The bucket-and-spade season is officially underway, but the Marine Conservation Society (MCS) offers a sobering caution that may halt some people’s headlong dash into the waves. Its latest statistics show that swimming off a third of UK beaches carries a one in seven chance of contracting a sewage-related disease. For although the number of destinations listed in the MCS’s 2010 Good Beach Guide is up on 2009, 348 of the 769 beaches assessed still did not meet the society’s required standards for water quality; even those that passed this time round, including Rock in Cornwall and Chalkwell Bay in Southend, are in danger of failing when more stringent EU requirements come into force by 2015. Black spots include the Bristol Channel-the Somerset coastline only features once in the Good Beach Guide, at Porlock Weir; Lancashire; the Wash, and parts of Suffolk and the north-east coast.
Much of the blame is placed squarely on water companies; since 1990, Surfers Against Sewage (SAS) has been lobbying for better regulation of combined sewer overflow pipes which discharge raw waste into the sea when the usual methods of treating contaminated water are overwhelmed by extra heavy rainfall. The MCS estimates there are about 22,000 of these pipes, of which ‘only a fraction are monitored’. This issue has been particularly acute over the past three years as Britain has endured the wettest succession of summers since 1914, a factor that has exacerbated other sources of bathing water pollution: farm run off and pollutants from city streets. The general advice is not to swim for 24 hours after a downpour.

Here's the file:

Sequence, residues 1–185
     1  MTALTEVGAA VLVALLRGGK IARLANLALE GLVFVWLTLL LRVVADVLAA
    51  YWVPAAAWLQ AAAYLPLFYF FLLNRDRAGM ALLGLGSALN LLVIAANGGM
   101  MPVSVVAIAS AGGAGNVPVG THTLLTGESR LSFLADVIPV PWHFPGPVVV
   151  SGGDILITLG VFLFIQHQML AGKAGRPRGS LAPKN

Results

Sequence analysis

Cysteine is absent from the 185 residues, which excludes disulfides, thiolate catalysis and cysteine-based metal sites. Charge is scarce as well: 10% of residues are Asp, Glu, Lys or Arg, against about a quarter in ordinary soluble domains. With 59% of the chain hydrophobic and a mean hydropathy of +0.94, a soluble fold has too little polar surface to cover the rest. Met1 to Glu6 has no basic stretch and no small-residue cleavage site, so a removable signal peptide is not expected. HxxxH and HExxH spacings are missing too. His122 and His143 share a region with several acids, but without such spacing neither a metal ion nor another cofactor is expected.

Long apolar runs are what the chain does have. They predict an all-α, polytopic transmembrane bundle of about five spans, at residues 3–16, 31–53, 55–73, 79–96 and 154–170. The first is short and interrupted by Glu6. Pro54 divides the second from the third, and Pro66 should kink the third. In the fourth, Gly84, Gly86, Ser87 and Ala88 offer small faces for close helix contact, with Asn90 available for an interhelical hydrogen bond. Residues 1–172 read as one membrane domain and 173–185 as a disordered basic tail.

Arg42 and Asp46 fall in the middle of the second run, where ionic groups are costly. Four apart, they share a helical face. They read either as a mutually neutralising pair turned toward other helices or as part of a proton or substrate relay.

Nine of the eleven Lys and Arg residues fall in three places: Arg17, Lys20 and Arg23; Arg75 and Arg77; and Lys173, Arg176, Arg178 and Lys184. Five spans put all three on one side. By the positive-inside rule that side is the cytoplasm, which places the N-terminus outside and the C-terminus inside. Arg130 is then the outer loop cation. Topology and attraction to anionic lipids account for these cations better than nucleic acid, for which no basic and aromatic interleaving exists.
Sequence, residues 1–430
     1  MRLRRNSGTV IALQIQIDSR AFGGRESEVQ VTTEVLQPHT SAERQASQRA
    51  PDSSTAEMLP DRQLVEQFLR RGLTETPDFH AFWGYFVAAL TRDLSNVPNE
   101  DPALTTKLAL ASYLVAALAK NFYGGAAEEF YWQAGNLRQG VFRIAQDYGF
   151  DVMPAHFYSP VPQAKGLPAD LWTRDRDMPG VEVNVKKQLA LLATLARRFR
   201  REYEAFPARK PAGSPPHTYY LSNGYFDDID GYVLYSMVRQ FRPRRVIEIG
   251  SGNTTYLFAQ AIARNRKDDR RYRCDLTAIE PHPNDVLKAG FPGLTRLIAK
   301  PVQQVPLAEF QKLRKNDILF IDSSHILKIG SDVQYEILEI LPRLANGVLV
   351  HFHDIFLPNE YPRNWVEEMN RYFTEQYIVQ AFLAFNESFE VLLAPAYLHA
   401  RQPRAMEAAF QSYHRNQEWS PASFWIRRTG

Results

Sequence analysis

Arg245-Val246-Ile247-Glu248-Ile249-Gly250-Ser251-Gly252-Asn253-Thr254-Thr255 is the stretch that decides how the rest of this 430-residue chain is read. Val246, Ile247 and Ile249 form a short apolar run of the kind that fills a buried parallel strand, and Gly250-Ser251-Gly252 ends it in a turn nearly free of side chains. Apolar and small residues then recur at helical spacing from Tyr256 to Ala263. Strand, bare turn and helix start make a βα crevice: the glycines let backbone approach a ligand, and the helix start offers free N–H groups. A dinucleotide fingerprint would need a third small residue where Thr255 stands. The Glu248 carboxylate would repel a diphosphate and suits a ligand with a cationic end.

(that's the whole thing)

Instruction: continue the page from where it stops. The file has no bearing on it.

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However the outlook is not entirely murky, and other organisations may provide more cheering reading. In May, the Environment Agency (EA), which uses guidelines set by the EU Bathing Directive, classified 82.2% of beaches in England and Wales as ‘excellent’. On the basis of these figures, our bathing water quality ranks 12th out of 22 EU member states-ahead of France, Italy and Denmark-and is a significant improvement on 20 years ago, when only about 30% of British beaches could be classified as ‘excellent’. And things are set to get better. ‘Bathing water may have improved beyond recognition but we are not complacent,’ states the EA’s Chris Tuckett.
‘We’ve secured millions of pounds of investment in environmental improvements from water companies, and are using the latest technology to help meet the new EU goals.’ Visitors can play their part, too. ‘During high season, we pick up 30 cubic metres of litter a week,’ reports Andrew Brockbank, who looks after the National Trust-owned beach at Formby. ‘The water quality is outside our direct control. It’s managing the visitors that is our biggest challenge’. The SAS run a ‘Return to Offender’ campaign, in which they send rubbish back to the company that
Britain’s cleanest beaches
The Blue Flag programme is like an international Michelin Star system for beaches; it mainly applies to larger beaches and takes amenities into account.
Star countries: Spain (522 Blue Flag beaches), Greece (421), France (321), Turkey (314), Portugal (241), Italy (226), Denmark (216), Croatia (116), Ireland (74), England (71)
Star counties: Pembrokeshire accounts for 13 of Wales’s 45 Blue Flag beaches, and the Isle of Angelsey alone has seven. Devon is next best with 12, followed by Kent with 10 (www.blueflag.org.uk)
Visit also www.goodbeachguide.co.uk and www.environment-agency.gov.uk/bathingwaters